Implementing useful social habits

You're new in town and want to make friends. You know to do that you need to regularly get out of your apartment and go to events where you might meet people. You agree with the theory on paper, but often feel lazy or pessimistic about doing it. After all, you went to that one book club and it felt like a waste of time because everyone was way older than you. You can fake being someone who has faith in the advice and is willing to try applying it consistently, even if it doesn't pay off every single time. You make yourself go to at least one new event a week, and about a month later you meet a group of people you hit it off with. Once more, this is just the common sense idea of "Give a suggestion time to work", but if you want to call it "Faking it 'til you make it", go ahead.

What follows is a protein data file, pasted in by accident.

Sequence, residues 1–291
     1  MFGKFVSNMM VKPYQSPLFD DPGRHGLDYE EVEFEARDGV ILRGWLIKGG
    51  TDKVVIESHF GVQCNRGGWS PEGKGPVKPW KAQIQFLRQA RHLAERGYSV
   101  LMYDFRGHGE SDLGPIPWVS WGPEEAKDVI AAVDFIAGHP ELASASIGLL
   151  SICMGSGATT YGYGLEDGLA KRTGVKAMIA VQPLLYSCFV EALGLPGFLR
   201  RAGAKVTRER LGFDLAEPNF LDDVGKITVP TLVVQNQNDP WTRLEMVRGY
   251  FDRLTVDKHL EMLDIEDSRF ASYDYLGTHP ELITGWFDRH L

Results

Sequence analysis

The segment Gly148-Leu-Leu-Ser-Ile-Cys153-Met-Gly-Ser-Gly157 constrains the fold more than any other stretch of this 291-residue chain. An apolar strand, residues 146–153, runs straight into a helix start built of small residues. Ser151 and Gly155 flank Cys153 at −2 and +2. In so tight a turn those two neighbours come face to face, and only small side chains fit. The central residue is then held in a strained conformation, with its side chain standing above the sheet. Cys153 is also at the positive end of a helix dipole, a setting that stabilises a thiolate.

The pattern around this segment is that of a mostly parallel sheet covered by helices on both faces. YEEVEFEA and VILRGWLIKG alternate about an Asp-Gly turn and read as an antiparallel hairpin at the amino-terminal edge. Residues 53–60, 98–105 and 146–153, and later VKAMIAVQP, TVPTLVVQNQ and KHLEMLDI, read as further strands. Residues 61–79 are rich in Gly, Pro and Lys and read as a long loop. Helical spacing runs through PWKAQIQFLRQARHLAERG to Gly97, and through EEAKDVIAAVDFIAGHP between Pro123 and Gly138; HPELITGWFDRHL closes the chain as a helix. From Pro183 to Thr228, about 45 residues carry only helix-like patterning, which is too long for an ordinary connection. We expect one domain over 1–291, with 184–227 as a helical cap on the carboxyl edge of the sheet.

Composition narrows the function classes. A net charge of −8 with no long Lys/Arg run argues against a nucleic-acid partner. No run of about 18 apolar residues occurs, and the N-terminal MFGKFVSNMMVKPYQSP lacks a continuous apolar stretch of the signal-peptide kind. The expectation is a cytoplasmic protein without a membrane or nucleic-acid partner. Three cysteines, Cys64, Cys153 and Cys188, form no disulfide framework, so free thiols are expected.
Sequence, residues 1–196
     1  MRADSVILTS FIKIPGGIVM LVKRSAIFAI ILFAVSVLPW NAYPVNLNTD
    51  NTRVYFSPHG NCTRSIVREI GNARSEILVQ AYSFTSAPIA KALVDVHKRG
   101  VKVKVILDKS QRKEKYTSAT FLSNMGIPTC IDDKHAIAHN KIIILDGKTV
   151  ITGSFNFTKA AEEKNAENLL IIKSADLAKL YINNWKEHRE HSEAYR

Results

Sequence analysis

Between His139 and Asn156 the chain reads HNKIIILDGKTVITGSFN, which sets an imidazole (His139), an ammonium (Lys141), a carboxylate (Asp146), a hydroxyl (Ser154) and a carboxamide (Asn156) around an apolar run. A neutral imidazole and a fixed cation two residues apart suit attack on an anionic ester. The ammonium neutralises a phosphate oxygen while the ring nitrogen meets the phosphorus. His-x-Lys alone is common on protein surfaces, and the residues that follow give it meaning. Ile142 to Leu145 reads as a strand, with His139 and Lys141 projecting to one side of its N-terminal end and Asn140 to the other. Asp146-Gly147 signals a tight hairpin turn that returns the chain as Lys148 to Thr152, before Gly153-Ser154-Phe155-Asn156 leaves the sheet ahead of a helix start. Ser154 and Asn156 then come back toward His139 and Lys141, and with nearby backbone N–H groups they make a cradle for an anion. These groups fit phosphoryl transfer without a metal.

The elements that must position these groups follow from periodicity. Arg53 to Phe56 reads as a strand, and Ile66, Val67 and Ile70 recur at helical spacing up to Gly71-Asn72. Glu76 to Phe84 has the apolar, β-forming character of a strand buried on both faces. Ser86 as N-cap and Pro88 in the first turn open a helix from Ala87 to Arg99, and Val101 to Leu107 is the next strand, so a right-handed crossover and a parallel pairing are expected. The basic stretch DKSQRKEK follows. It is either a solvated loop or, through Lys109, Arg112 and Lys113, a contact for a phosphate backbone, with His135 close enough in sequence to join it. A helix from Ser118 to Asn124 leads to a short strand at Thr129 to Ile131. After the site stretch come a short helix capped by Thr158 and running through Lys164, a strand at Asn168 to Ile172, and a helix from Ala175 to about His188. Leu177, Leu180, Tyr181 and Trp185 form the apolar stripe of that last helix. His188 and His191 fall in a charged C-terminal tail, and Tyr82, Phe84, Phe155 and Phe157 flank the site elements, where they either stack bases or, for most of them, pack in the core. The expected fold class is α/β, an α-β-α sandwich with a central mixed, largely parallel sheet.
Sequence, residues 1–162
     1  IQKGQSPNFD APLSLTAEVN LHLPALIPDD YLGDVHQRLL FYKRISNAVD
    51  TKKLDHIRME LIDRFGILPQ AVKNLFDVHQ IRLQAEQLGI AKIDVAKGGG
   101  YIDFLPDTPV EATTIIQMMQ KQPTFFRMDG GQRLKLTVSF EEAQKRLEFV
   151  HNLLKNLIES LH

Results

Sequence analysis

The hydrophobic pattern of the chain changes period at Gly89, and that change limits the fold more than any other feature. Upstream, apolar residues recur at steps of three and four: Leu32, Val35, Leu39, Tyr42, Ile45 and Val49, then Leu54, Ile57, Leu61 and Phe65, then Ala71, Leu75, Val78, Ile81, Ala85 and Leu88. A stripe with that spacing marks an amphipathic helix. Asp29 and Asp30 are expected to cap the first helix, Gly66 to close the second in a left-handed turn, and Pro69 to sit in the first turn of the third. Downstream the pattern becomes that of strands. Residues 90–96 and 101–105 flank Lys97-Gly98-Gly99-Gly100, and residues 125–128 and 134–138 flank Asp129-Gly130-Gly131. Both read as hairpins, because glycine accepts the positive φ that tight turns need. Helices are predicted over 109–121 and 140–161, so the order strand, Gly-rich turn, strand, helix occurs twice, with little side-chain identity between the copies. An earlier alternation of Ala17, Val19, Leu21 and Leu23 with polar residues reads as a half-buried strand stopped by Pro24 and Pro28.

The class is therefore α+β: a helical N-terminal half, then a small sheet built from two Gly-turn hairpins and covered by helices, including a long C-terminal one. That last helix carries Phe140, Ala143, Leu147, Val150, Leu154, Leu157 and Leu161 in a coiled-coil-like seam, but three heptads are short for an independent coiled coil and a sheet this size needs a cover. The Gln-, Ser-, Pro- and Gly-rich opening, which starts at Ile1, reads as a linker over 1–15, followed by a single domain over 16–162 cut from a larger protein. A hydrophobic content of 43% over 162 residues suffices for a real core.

Social traits you can't fake yourself into

A way different level of sociability

If you naturally like to spend a lot of time alone, and need some downtime to recharge after being around people, you can't fake your way into becoming a social butterfly who wants to be around their friends 24/7. You might be able to become somewhat less of a homebody, but most people report they can't jump all the way to the other end of the scale. You can force yourself to act much more social for a while, and you may even temporarily fool yourself into thinking your core preferences have changed, but sooner or later you'll realize you're acting against your nature, and that it's making you unhappy. There's nothing wrong with being less-social. If you're that way try to create a social life that works for you, not transform into someone else.

A way different social style

This is similar to the last point. Some people have a very outgoing, gregarious, center of attention social style. Others are more low key. If you're on the restrained side you can certainly become a bit more outgoing if you want, but it's probably not realistic to expect to turn into an ultra-chatty party animal. Some people make themselves act like that for a while, but it eventually hits them it's unfulfilling, and harmful to their self-esteem to try to be something they're not.